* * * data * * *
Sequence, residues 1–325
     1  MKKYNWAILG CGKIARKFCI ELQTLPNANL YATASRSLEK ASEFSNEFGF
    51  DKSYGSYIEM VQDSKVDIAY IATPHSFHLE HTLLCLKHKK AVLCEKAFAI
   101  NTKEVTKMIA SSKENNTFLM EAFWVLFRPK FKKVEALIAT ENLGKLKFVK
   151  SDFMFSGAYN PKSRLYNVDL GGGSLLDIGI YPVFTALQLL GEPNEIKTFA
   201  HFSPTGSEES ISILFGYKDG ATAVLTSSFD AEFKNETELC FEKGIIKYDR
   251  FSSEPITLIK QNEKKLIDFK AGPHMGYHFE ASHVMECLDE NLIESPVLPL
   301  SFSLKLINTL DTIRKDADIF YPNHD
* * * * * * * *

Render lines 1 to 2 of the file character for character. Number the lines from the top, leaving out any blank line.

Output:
Sequence, residues 1–325
     1  MKKYNWAILG CGKIARKFCI ELQTLPNANL YATASRSLEK ASEFSNEFGF